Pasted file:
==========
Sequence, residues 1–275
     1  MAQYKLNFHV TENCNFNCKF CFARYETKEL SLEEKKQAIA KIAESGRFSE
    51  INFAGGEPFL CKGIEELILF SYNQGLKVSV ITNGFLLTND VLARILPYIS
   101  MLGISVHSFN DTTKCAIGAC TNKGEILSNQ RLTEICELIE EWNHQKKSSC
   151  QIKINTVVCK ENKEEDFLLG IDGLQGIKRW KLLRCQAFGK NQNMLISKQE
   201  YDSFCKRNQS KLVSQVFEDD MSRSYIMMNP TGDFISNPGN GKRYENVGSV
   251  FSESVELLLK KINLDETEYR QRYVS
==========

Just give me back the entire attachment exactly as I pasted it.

Sequence, residues 1–275
     1  MAQYKLNFHV TENCNFNCKF CFARYETKEL SLEEKKQAIA KIAESGRFSE
    51  INFAGGEPFL CKGIEELILF SYNQGLKVSV ITNGFLLTND VLARILPYIS
   101  MLGISVHSFN DTTKCAIGAC TNKGEILSNQ RLTEICELIE EWNHQKKSSC
   151  QIKINTVVCK ENKEEDFLLG IDGLQGIKRW KLLRCQAFGK NQNMLISKQE
   201  YDSFCKRNQS KLVSQVFEDD MSRSYIMMNP TGDFISNPGN GKRYENVGSV
   251  FSESVELLLK KINLDETEYR QRYVS